“If you are surrounded by good musicians, that’s going to make you want to dance,” Stern said. “The musician who is playing is legal, but . . . we’re illegal?”

After you have consumed your government allowed allotment of sugary soda, you may only slowly shuffle back to your domicile of origin. Remember, Nanny Bloomberg is watching.



February 2012



Gun-Grabbing Nannies Invade Super Bowl XLVI

Written by , Posted in Gun Rights

In case you weren’t watching the game, here’s the commercial in question:

The two mayoral gun-grabbers start off by claiming that both support the 2nd Amendment, proof once again that the easiest way to tell when a politician is lying is to notice when their lips are moving. But the idea that Bloomberg, perhaps the single biggest nanny in the country, is a supporter of the Second Amendment is laughably absurd.

Just recently I highlighted a story so egregious – a shop owner being fined $30,000 for stocking six obviously fake toy guns – that I simply declared the entire state to be hoplophobic. This might have been hyperbole, but it’s certainly true of Bloomberg and his city. New York City has a track record of gun hysterics, and recently threw the book at a marine and Iraq War veteran who attempted to check his legally owned gun at the Empire State Building . Nanny-in-Chief Bloomberg’s prosecutors think he deserves 3 years in jail for the horrible offense of bringing a legally purchased and owned gun into the People’s Republic of New York. The man has an irrational, nonsensical fear of guns, and will stop at nothing to eliminate our Constitutional right to posses them.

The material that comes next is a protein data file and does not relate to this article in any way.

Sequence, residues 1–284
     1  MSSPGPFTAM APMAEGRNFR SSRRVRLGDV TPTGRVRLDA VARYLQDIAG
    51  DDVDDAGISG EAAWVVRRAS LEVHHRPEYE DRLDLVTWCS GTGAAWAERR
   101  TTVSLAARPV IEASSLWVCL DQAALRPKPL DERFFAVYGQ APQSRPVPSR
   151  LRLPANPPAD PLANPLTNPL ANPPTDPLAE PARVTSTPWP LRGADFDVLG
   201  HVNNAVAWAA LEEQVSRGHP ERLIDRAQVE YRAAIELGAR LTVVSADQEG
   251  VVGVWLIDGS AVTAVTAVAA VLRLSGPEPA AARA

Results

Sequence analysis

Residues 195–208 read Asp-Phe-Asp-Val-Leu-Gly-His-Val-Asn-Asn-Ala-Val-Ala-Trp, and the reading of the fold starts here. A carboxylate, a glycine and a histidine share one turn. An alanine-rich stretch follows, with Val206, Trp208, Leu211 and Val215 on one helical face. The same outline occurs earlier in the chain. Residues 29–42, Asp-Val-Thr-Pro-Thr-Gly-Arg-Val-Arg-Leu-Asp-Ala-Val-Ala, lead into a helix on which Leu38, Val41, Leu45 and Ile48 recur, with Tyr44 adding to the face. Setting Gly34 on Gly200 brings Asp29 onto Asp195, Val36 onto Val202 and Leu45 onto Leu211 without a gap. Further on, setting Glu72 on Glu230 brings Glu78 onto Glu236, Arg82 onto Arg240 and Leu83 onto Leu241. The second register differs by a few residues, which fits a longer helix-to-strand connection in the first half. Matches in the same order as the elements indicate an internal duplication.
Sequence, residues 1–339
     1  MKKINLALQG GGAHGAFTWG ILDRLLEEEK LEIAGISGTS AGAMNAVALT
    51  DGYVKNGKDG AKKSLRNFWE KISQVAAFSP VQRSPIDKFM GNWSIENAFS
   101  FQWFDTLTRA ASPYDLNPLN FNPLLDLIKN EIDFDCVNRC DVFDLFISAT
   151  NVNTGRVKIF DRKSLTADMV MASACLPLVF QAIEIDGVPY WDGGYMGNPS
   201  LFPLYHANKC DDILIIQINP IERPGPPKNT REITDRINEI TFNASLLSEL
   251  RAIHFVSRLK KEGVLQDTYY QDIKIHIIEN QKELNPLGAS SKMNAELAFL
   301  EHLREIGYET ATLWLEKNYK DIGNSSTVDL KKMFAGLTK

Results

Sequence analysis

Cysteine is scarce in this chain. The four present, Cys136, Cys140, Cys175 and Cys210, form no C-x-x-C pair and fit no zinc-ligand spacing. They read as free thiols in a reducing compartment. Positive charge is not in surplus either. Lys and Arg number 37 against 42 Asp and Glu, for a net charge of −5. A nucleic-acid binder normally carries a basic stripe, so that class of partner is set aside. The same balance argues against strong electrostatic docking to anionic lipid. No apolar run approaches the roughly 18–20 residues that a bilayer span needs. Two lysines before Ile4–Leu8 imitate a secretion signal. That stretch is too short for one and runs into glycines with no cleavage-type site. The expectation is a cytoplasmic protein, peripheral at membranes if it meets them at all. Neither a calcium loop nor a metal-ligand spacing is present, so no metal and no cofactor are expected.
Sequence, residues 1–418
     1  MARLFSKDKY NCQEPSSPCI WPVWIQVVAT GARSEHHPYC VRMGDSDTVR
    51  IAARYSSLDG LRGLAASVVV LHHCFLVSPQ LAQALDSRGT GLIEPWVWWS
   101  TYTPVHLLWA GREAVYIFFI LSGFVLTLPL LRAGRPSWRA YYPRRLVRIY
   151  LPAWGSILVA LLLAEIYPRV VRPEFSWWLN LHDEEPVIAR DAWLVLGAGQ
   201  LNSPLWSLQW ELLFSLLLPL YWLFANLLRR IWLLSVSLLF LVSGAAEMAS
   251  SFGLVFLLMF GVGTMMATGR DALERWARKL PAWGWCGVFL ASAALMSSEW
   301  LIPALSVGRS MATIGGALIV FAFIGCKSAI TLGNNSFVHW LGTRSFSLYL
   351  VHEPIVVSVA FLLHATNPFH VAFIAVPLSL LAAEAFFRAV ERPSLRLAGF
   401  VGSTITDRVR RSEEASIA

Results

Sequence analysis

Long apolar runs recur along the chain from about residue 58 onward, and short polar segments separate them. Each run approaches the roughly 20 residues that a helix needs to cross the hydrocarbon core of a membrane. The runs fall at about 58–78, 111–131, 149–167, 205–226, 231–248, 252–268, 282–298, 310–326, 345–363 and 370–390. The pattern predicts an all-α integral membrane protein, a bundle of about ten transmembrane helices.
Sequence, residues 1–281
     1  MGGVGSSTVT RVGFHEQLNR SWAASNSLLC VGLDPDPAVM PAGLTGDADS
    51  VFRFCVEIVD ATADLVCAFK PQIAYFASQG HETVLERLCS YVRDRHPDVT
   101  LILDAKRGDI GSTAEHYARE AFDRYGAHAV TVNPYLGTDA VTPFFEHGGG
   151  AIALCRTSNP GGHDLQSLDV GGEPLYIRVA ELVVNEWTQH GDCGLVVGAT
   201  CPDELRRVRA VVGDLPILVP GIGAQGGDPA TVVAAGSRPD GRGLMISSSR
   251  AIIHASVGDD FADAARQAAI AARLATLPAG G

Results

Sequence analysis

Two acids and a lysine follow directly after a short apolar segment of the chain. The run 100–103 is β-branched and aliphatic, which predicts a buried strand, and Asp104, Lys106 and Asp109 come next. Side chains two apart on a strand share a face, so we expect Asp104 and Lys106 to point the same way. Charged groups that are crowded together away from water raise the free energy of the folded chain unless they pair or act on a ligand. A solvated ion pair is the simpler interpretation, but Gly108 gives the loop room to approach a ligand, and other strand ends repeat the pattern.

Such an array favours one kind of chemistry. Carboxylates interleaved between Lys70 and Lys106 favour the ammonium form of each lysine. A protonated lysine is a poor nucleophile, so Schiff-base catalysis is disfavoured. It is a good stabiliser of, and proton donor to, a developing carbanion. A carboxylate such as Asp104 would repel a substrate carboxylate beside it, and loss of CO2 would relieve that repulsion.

Update: According to DHS, this post makes me a “militia extremist.”



January 2012



Overgovernment: Hoplophobia Edition

Written by , Posted in Gun Rights

Hoplophobia is the irrational fear of firearms. It is a term which describes accurately the mental derangement exhibited by the state of New York, and in particular by New York’s Supreme Dictator for Life Michael Bloomberg, regarding any issue remotely related to guns:

The owner of a discount store in Brooklyn says the city is holding him up for $30,000 in fines he can’t afford — all because he stocked six toy sheriff sets that included plastic guns.

And now the .44-caliber fines for the orange-tipped, obvious fakes are forcing him to close for good.

“It doesn’t make any sense,” said Khaled Mohamed, 23, manager of 99¢ Target in Flatlands, which has been ordered to pay a staggering $5,000 fine for each gun offered for sale — the maximum under the law.